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The Ogden standard. (Ogden City, Utah) 1913-1920, January 20, 1920, LAST EDITION - 4 P.M., Image 7

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Persistent link: https://chroniclingamerica.loc.gov/lccn/sn85058396/1920-01-20/ed-1/seq-7/

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3j Retail Price of Beet
;f j Sugar Here to be $15.50
i 1 :
! Based upon seaboard refinery prices
ii or ?15 a hundred pounds for cano
?1 " ' sugar and $13 a hundred for be'et
-N : fusar, the retail prices ,fpr"Ogden will
i be $17.50 a hundred for' cano sugar
... : i and ?15.50 for beet sugar, while En por
''! i llonS of tJl Sdcn wholesale district
a$ f high as ?1C a hundred, because ot
'$f ' f these prices for the latter will bo as
fx' ' high as $16 a hundred, because ot
. freight charges,
w-; j The present price of cane sugar at
vfn i c Pacific coast points is $15, with 73
')W ' j cents freight added, 77 cents a hundred
i . :: as the wholesaler's additional charge
; ; r and $1 a hundred as tho retailer's
ij charge, making $17,50 ns tho price. On
I 1 : beet sugar, the price is $13 at the sea-
li ' ' board, with 73 cents added for freight
jj j 77 cents for the wholesalers and $1 for
,1 f the r ctailers, making a price of $15.50.
1 ' In years before sugar price control
,Jt -I was in vogue, the differential was 10c
to .L a hundred and if that were applied
4. now, the retail price of beet sugar
.v- H would $17.40.
Annual Gnest Day
j Meeting Announced
BlI Th? Woman's Home Missionary so
il ciety for the First Methodist Episcopal
IBM church will hold its Annual Guest Day
flpl meeting Thursday at 2:30 p. m. in the
Hff church parlors.
Tj 1 A program of exceptional merit has
Rill heen arranged. There will be appro-
nlti priate music and aii address on Mexico
lilfcl bv n?v- Iol,lner of he First Chris
HH1 tian churcli. A social hour will follow.
Ill All ladies of the city are most cor-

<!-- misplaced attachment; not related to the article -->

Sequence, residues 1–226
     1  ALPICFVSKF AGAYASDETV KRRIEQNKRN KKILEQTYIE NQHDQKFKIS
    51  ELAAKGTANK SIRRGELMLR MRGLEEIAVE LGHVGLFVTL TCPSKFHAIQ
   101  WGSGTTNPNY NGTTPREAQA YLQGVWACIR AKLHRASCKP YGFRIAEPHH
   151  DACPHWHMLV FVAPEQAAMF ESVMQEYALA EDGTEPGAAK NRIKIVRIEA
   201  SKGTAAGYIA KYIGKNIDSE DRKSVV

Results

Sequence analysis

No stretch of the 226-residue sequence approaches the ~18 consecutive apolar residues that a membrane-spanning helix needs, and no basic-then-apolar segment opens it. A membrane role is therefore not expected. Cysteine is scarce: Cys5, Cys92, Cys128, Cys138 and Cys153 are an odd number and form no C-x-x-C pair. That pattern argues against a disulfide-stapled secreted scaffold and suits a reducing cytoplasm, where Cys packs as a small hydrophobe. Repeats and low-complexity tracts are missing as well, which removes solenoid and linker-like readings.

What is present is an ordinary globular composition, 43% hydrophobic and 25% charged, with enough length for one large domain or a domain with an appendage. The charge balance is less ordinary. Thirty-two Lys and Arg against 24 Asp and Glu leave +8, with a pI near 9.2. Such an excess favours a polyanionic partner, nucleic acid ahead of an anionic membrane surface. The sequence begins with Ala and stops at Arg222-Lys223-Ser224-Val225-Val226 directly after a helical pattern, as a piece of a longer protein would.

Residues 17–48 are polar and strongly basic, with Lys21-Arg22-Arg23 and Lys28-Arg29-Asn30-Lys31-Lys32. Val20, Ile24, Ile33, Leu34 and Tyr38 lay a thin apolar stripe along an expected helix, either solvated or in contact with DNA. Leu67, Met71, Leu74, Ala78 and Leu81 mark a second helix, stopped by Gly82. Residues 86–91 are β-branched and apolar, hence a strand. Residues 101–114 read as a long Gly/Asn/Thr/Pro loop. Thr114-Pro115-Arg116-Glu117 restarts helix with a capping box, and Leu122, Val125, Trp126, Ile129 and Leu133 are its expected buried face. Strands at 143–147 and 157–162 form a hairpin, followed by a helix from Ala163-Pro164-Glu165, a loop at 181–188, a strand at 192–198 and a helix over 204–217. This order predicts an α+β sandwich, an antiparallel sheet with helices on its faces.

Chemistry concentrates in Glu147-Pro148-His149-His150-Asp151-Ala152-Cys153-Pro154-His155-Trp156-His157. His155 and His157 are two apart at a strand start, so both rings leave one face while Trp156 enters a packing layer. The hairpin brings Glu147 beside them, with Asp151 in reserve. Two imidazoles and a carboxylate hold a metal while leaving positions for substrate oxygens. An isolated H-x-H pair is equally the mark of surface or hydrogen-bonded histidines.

Irl tllally Invited to attehd.
Marines to Receive
New Victory Buttons
Victory buttons, to be worn In the
lapel o civilian clothes, are soon to be
issued by tho United States marine
corps to all men who served in the
corpa from April 6, 1917, to November
11, 191S, according to a statement is
sued today at the Marine corps recruit
ing office, 24S6 Washington avenue.
The button is of the standard design
adopted for all branches ot the 2erv
ice, bronze for all men, except those
who were wounded, who will receive
silver buttons. These buttons arc not
to be confused with the marine dis
charge buttons, which were issued to
all men of the marine corps and ma
rine corps reserve upon honorable dis
charge from the service.
Men who desire Victory buttons
should apply with their discharge pa
pers to the nearest marine barracks
or recruiting station so that their ap
plications may be forwarded to head
quarters. "For-the information of all concern
ed," says an order from marine corps
headquarters, "appropriate publicity
should be given to. the fact that the
Victory medal itself has not yet been
struck off nt the mint, that designs
for the clasps have not yet been ap
proved, and that ribbons and bars with
bronze and silver stars will therefore
be issued with medals and battle
clasps as soon as same are received."
HELSINGFORS, Monday, Jan. J9.
The United States transport Buford,
which brought 2-19 Russians from the
United States to Finland, arrived at
Helsingfqrs this afternoon, having sail
ed from Hango thi3 morning wiih th.e
destroyer Ballard, her convoy.
m 8 ' I
ft a c
j '"
If . Tomorrow is j
Children9 s Day j';
j j? Cheaper prices on children's wear tomorrow. These chil- r !
dren's days should have attention now, for you're buying I
r needed garments at prices that will not be so low again r
for many months. These sales are on 2nd floor. jjj !
jj Children's Hats t l
I ,Al nrtmont of children's free EalloOUS
3 hats -which can be worn for a
0 early spring, made of wash- J OTSIOYTOVJ I
'i able corduroy. Values to $2. X
i Special 45 To every child who comes to $
! f! Infant's Bibs thc dTrt!ne,nt tomorrow, g
j tp jji'i tp t accompanied by their par- H
Infants bibs, made of a good , . n
t absorbent cotton, trimmed ents w,u bc S,vcn one of S
4J with lace, usual 12 l-2c val- these attractive rubber bal- y
; a ues. Special, 3 for . . . 25 loons. ' jjjj
I r Girl's Api'OnS There's a lot of fun "in a I
; Children's house aprons, rubber balloon for the little
; made of good quality per- tots. Brin the kiddies in
; h cale, trimmed with ruffles for one. On Second Floor.
' v and bow in bck. . $1.7" v
j values. Special . . . $1.45
c Girl's Dresses Pinning Blankets ; :
j Children's school dresses, infants' flannel pinning 0 i
c made of strietlv washable uii.i , t c i
X ! , . , . . blaukels, made ot good qual- a
j gingham m plaids, stripes 1 0
i 1 and plain, size 6 to 34 years. dy flannel, usual .1.2o val-
$3.50 values. Special $2.45 ues. Special 856 j